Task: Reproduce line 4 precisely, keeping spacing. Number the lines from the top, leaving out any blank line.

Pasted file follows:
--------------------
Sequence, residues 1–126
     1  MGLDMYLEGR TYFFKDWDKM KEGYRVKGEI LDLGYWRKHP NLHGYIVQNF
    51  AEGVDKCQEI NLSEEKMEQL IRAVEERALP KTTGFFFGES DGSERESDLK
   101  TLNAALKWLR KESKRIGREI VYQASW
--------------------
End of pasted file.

   101  TLNAALKWLR KESKRIGREI VYQASW